His negligence led to a 42-year-old colleague, who does not wish to be named, falling nearly three metres to the ground when the guardrail gave way. The self-employed victim has been unable to work since the accident on the construction site of a care home in Tweentown on 30 January 2013. He may never be to carry out manual labour again.
The incident was investigated by the Health & Safety Executive (HSE), which decided to prosecute.
Taunton Magistrates’ Court was told that David Dix, 52, loosened a scaffold guardrail to try and resolve a problem that he had encountered. However, he failed to tighten it up properly again. Shortly afterwards, the other worker was emptying a muck bin when the guardrail gave way.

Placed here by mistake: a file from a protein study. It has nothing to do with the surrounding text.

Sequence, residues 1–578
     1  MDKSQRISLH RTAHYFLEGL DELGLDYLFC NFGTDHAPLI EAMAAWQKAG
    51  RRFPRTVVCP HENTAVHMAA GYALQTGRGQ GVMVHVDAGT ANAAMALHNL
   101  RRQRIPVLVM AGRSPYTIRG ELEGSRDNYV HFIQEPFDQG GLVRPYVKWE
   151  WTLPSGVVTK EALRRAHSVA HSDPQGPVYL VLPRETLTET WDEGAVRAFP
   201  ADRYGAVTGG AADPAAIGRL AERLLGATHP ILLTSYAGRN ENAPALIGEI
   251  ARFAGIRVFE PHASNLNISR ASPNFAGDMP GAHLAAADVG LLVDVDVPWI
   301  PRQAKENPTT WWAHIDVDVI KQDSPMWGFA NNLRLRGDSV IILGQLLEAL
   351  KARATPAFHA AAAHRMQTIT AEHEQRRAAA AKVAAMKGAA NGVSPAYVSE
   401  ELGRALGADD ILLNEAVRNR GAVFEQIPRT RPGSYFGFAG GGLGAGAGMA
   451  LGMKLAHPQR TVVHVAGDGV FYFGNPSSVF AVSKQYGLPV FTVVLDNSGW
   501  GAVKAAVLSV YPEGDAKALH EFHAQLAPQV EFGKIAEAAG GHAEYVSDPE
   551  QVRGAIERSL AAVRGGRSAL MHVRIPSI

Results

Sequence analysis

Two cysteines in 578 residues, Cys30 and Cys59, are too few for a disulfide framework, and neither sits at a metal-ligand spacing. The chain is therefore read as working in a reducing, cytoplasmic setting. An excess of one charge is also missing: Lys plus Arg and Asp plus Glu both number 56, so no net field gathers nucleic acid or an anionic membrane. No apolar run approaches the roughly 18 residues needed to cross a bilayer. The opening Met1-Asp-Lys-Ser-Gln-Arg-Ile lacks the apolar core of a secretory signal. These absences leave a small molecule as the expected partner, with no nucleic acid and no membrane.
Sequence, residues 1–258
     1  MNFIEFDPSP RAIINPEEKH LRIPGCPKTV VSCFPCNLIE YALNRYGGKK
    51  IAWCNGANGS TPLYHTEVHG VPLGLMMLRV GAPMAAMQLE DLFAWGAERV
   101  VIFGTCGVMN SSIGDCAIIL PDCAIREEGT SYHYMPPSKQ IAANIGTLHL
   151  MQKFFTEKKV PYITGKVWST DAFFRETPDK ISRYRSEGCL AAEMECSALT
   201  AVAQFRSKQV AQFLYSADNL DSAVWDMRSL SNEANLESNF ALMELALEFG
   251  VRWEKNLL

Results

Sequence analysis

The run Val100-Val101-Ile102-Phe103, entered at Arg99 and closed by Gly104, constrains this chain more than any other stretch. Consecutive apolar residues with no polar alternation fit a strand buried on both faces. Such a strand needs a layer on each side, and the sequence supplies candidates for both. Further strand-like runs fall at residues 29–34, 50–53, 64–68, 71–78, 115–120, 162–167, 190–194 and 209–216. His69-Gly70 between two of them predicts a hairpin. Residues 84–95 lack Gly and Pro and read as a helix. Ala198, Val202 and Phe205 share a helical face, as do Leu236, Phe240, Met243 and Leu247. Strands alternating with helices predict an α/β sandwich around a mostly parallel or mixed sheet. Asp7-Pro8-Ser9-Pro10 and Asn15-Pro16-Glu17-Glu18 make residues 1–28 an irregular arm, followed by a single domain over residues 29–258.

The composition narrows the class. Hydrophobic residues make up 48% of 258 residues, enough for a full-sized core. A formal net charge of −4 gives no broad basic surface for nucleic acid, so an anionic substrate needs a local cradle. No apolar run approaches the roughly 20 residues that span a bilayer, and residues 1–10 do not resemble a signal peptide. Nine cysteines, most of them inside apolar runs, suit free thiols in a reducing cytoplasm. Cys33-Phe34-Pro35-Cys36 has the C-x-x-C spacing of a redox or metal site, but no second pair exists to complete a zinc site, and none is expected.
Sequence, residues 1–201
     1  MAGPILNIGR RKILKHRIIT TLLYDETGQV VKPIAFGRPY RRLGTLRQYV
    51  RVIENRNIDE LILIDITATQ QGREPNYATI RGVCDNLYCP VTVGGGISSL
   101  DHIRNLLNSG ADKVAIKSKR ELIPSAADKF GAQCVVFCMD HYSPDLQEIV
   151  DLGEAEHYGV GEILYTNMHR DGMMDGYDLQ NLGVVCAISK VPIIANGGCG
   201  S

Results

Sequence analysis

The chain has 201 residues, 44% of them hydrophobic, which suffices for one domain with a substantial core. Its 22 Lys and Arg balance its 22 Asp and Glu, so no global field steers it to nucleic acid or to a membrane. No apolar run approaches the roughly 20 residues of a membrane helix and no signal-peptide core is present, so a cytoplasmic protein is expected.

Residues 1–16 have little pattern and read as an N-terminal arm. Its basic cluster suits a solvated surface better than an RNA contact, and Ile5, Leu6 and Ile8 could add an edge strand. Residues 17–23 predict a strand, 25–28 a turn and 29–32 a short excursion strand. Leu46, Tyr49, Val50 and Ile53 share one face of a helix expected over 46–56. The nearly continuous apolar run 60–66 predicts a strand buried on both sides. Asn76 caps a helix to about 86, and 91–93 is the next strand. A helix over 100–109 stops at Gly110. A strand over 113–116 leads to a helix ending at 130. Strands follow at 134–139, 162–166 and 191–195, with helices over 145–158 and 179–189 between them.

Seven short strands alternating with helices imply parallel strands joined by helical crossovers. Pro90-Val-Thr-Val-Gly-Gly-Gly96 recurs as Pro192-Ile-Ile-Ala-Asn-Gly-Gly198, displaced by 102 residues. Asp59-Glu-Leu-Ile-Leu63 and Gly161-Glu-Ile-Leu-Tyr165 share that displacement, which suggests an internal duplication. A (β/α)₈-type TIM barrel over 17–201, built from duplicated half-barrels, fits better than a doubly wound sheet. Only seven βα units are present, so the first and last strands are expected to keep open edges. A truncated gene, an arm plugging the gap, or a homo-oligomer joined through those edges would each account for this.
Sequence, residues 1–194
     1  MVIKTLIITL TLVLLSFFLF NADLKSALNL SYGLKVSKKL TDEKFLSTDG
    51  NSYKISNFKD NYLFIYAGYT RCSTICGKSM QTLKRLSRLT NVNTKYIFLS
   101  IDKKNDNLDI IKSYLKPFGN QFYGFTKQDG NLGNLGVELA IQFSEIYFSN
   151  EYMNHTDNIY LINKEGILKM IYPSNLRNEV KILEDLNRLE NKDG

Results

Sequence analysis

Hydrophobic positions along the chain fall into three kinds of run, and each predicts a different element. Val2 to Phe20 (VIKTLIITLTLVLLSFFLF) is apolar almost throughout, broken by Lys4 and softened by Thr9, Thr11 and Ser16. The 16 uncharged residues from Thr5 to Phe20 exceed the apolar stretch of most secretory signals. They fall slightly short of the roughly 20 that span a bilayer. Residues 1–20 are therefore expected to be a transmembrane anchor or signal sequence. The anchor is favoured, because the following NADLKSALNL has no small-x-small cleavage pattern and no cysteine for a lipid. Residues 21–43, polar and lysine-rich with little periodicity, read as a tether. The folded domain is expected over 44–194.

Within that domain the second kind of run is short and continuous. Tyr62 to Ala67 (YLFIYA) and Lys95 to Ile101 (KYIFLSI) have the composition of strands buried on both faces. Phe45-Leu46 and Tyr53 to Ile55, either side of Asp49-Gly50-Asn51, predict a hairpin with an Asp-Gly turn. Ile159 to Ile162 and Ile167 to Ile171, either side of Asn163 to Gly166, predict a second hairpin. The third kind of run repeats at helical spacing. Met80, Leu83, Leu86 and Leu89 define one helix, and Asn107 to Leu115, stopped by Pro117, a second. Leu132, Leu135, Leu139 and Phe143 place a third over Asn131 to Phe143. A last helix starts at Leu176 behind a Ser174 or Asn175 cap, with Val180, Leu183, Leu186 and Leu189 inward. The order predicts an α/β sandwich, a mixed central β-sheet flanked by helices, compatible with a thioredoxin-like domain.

David John Dix, of Cambrook Close, Camerton, near Bath, pleaded guilty to breaching Section 8 of the Health and Safety at Work etc. Act 1974. He was ordered to pay £700 compensation to his injured colleague.
After the hearing, HSE inspector Sue Adsett said: “What happened that day could easily have been avoided and will affect the injured man for the rest of his life. Scaffolding should only be altered by scaffolders, but David Dix took it upon himself to adjust some scaffolding when he was not authorised to do so, with disastrous consequences.
“He had no ulterior motive – like most construction workers he was simply trying to get on with the job when a problem arose that he was trying to overcome. The consequences of the incident have had a huge impact upon him as well.
“I hope this case makes construction workers stop and think before putting themselves and their colleagues at risk by altering scaffolding on building sites.”